One very important aspect of self leadership is the ability to say ‘no’!

I used to suffer from the disease of people pleasing. And believe me, I paid too high a price for nothing! I tried too hard to make other people happy at the cost of my own happiness.

This is a great story about where people pleasing might lead to:

A married couple was returning from the funeral of Uncle George, who had lived with them for twenty years and had been such a nuisance that he almost succeeded in wrecking their marriage. “There is something I have to say to you, dear,” said the man. “If it hadn’t been for my love for you, I wouldn’t have put up with your Uncle George for a single day.” “My Uncle George!” she exclaimed in horror. “I thought he was your Uncle George!”
― Anthony de Mello, Taking Flight

We tolerate too many ‘Uncle Georges’ in our lives, thinking we are making other people happy. The reality is that later on these very same people might resent us for making them dependent on us.

My ability to say ‘no’ without guilt is still a work in progress. But I’m getting there. I’m learning to say ‘no’ to what my heart tells me not to do; to say ‘no’ when I’m doing something only out of a sense of obligation; to say ‘no’ when it means putting my legitimate needs before someone else’s. I’ve also learned that when I say ‘no’, I don’t owe the other person an explanation.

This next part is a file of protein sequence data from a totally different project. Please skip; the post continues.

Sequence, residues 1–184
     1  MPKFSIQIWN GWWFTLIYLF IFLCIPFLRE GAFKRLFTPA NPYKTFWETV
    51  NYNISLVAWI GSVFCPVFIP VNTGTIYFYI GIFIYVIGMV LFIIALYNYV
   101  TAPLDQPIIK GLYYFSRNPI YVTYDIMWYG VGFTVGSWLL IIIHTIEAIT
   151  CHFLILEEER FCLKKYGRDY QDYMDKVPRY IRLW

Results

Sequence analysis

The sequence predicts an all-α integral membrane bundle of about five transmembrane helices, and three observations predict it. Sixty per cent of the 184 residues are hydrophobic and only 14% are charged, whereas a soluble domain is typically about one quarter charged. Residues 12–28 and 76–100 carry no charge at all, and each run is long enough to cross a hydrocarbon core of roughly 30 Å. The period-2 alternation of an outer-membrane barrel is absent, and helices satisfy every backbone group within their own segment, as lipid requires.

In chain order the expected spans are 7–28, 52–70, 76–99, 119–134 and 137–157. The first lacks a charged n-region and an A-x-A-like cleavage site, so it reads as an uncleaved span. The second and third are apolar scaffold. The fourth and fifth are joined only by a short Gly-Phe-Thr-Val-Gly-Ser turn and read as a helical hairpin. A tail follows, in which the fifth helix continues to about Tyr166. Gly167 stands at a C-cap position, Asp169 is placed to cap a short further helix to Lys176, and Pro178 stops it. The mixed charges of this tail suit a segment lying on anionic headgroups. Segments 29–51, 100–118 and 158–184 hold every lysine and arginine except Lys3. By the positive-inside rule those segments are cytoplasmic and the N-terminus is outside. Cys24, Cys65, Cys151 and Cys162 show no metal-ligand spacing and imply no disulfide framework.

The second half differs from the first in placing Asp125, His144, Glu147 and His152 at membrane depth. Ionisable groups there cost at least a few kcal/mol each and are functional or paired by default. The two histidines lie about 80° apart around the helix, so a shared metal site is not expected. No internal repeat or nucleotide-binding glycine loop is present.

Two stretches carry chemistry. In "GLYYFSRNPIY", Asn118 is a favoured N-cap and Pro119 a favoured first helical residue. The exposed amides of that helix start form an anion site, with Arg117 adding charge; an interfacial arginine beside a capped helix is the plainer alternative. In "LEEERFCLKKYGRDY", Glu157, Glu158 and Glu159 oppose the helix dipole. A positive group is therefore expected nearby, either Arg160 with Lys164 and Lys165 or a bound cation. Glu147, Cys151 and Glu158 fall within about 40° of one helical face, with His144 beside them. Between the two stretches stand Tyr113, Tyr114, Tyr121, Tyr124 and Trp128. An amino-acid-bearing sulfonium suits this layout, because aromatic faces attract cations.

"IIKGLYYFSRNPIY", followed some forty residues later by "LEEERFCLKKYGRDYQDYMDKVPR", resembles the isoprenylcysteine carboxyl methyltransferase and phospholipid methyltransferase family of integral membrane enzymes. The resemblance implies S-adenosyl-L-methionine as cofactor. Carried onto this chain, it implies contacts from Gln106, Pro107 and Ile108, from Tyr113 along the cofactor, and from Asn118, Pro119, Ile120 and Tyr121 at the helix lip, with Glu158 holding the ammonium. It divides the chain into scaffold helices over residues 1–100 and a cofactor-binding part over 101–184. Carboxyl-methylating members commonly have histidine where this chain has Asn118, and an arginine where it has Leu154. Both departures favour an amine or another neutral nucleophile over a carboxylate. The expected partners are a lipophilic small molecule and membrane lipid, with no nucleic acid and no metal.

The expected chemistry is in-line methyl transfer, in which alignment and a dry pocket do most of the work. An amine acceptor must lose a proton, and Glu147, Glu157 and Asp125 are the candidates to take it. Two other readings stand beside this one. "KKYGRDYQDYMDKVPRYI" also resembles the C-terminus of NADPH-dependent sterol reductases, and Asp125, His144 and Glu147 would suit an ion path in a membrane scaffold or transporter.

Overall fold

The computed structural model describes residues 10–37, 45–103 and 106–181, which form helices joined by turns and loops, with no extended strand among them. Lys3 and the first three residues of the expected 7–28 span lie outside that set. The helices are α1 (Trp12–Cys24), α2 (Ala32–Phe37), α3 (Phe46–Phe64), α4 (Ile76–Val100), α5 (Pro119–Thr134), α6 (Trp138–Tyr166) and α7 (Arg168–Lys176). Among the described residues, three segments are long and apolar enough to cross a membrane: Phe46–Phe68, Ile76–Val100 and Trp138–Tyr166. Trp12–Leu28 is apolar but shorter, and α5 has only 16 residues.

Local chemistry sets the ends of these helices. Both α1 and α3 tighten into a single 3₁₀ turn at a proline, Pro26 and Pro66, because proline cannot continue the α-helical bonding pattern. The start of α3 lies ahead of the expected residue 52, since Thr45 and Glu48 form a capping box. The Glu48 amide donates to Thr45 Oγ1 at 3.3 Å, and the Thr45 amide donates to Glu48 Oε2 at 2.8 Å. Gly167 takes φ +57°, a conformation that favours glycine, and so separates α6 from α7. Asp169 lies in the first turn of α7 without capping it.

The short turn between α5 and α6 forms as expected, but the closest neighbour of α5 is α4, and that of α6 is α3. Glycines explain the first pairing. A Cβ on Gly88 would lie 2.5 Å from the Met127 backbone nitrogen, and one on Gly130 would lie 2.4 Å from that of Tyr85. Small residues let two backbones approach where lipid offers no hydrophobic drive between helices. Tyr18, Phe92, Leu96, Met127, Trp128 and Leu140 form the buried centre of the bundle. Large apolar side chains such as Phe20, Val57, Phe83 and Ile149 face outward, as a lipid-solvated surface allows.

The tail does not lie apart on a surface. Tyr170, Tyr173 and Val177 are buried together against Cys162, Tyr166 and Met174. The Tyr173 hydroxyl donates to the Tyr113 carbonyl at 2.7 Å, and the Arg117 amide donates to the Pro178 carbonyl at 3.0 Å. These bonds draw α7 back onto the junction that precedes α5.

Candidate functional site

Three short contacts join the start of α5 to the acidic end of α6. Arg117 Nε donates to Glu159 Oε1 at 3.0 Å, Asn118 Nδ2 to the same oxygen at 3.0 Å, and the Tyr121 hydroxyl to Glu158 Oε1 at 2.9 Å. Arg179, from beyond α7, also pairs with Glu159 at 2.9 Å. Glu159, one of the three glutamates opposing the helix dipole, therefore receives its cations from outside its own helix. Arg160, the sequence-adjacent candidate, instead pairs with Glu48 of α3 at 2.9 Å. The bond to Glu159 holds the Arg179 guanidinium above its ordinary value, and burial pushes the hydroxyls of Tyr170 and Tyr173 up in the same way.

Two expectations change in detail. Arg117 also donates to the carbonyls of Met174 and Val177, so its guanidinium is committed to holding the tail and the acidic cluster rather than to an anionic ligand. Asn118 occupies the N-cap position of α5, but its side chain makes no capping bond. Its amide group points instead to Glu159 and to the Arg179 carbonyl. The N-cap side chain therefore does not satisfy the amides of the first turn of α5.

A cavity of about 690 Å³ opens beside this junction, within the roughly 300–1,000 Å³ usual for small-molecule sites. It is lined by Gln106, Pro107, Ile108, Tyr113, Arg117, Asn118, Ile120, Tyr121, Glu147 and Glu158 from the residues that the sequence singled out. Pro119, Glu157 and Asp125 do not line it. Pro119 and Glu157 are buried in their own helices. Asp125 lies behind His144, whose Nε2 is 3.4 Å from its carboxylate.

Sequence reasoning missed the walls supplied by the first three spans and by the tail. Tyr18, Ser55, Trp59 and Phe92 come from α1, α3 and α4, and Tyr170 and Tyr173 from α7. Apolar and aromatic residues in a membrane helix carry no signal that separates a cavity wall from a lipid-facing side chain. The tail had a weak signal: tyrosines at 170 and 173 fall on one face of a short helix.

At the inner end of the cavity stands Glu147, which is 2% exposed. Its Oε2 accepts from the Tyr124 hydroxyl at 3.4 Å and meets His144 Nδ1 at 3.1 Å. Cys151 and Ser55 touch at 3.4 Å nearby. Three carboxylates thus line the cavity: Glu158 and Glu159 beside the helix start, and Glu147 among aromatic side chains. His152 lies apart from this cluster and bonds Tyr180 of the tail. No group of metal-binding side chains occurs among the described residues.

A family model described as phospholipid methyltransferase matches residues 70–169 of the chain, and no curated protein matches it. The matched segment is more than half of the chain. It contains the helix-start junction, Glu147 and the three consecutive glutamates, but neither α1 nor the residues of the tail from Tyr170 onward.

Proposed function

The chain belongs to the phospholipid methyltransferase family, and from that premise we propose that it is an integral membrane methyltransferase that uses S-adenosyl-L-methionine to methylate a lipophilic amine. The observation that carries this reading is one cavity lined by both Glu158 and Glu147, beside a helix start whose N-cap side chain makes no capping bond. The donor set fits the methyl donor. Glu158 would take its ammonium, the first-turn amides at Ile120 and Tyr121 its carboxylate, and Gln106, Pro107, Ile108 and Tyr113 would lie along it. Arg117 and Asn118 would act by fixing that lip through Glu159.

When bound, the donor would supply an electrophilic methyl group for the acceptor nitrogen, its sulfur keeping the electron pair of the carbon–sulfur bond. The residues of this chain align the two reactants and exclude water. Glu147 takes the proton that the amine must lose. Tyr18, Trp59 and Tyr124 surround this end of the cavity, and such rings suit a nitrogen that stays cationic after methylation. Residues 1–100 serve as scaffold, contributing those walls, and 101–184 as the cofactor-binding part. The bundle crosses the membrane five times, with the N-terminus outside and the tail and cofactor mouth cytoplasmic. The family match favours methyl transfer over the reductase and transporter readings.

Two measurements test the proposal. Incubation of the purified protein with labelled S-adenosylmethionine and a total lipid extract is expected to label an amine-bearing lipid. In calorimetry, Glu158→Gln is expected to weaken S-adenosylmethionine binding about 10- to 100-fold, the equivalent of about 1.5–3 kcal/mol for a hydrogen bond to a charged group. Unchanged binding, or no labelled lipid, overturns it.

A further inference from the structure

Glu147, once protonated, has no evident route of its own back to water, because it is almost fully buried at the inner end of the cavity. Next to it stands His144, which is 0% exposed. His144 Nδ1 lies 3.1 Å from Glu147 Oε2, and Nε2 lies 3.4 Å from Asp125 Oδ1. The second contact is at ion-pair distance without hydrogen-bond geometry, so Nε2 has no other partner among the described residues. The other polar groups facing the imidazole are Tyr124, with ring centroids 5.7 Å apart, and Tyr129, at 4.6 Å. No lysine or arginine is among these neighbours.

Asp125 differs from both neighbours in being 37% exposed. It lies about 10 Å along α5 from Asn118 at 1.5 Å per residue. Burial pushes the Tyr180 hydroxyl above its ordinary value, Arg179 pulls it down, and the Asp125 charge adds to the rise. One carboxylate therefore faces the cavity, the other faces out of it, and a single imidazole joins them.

When you start truly valuing yourself, you learn not to feel guilty about saying ‘no’, because as author Duke Robinson says, “Saying yes when you need to say no causes burnout. You do yourself and the person making the request a disservice by saying yes all of the time.”

Sometimes “No” is the kindest word. ― Vironika Tugaleva

Action steps:

  • Pick one person who constantly makes demands on your time or resources.
  • Spend a few minutes analysing why you find it hard to say ‘no’ to this person. What will the consequences of your ‘no’ be?
  • Write a letter to this person (don’t send it to her) telling her why you no longer want to say ‘yes’ to her.
  • Practice a few sentences to say ‘no’ that don’t contain an explanation. For example, “I’m sorry, I can’t do this.”, “I’m sorry, I don’t have the time to ….” , the simple “No, thank you” and the most assertive of all, “No, I don’t want to…”

Learn to say ‘no’ to others and ‘yes’ to yourself!

saying no
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Today I’m on ‘N’ of the Blogging from A to Z April Challenge. My theme is the A to Z of Self Leadership. I’m also undertaking the NaBloPoMo for April – the theme is ‘grow’ and the Ultimate Blog Challenge